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China’s crumbling housing sector delivers big blow to downstream industry, overall economy

World business community keeps an eye on China's real estate sector

Stress in China’s housing sector, accounting for about 30 per cent of the country’s GDP, is deepening. Project delays and empty homes in the world’s second largest economy have now started hitting the ancillary industries. The crisis in the critical real estate sector started in 2021 with the default of property giant Evergrande. While market watchers continue to monitor Country Garden — one of the top property developers of China, which is now on the verge of default, the crisis is not restricted to the private sector giants. It has impacted the state-owned real estate developers as well, reflecting the depth of the problem.

According to Standard and Poor’s, more than 50 Chinese real estate developers have failed in making payments in the last three years. The cash crunch of these developers has had a devastating cascading effect on economy with a large number of small and medium enterprises dealing in furnishing, tiling, and painting among others feeling the pinch.

That apart, the oversupply of homes has impacted the demand for cement and steel too.

The National Bureau of Statistics data revealed that as of the end of August, the combined floor area of unsold homes stood at 648 million square metres (7 billion square feet). That would be equal to 7.2 million homes, according to Reuters calculations, based on the average home size of 90 square metres.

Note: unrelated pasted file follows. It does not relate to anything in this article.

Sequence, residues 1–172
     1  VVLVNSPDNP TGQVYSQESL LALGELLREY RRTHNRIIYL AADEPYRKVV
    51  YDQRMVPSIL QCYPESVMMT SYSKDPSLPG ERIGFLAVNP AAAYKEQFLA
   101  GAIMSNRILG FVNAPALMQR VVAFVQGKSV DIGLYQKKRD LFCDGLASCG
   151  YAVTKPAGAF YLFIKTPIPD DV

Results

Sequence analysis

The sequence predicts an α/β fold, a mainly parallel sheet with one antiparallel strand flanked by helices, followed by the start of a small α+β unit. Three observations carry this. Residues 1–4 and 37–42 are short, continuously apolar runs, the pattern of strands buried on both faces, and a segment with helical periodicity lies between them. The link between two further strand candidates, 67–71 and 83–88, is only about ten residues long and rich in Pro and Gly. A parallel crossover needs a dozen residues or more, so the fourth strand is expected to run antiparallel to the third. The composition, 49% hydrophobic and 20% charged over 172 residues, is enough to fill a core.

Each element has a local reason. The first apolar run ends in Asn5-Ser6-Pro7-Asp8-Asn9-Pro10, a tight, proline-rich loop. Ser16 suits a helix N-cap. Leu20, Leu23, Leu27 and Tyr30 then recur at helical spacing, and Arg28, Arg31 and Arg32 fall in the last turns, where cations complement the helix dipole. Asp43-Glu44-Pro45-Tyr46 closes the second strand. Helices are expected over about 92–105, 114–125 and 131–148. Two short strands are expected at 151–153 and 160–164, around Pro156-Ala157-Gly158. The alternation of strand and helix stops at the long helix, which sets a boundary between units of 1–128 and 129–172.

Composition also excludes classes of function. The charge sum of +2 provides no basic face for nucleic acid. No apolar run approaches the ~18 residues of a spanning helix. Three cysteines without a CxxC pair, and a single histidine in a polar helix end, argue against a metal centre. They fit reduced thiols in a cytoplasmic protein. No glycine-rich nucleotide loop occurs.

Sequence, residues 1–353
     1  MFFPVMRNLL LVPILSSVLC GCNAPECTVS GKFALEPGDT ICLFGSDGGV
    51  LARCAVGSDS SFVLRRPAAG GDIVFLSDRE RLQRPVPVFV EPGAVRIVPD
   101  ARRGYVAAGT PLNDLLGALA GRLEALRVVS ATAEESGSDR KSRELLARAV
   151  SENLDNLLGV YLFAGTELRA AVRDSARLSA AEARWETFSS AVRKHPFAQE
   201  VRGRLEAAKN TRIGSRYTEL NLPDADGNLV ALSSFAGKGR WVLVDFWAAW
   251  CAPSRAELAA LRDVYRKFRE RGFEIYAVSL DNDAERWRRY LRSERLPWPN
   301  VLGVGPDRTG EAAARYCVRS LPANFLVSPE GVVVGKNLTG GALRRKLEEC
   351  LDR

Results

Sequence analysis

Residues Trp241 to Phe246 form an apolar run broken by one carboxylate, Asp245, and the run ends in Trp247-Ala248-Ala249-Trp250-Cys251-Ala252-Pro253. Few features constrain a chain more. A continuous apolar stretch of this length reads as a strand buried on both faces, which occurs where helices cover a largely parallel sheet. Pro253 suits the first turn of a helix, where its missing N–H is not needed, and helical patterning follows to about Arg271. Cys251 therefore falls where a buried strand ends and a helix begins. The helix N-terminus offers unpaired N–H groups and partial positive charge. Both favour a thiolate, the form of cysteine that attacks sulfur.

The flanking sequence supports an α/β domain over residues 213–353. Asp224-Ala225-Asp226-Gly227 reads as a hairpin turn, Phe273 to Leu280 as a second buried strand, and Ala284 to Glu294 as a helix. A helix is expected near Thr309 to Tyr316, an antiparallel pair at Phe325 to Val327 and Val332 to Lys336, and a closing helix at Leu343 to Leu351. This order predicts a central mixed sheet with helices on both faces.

“Many of the smaller firms dealing in bathroom fittings, tiling and furnishing that typically serve as suppliers to the bigger real estate companies have been hit badly as their payments have remained incomplete,” a person who has businesses in China said. Though Chinese President Xi Jinping first observed that “houses are for living in, not for speculation” at the Party Congress way back in 2017, the ethos has now started to haunt the developers as well as the prospective home buyers.

More than 70 per cent of the Chinese household wealth is invested in real estate. The steady drop in prices have therefore created an unprecedented paranoia among the people.

“What is concerning is that the confidence level of the local people is eroding rapidly and this is further leading to tightening in their spending pattern,” the person said, adding that the economic uncertainty leading to knee jerk reaction by Beijing, which for instance halted publication of key economic data including statistics related to unemployment, has prompted many multinationals to recalculate their business plans.

“It is a fact that many of them feel that the China story that was seen in the pre-Covid times is over,” he added.

According to South China Morning Post, unlike developed markets where second-hand homes dominate the market and properties are largely sold upon completion, a vast majority of new Chinese properties are sold often before construction starts.

But the gravity of the crisis can be assessed with He Keng, a former deputy head of the statistics bureau expressing serious concerns.

At a forum he said that it is not clear how many vacant homes are there at present in China but the number is huge enough and even 1.4 billion people will not be able to fill them.

“How many vacant homes are there now? Each expert gives a very different number, with the most extreme believing the current number of vacant homes is enough for 3 billion people,” he said.

“That estimate might be a bit much, but 1.4 billion people probably can’t fill them,” he added.

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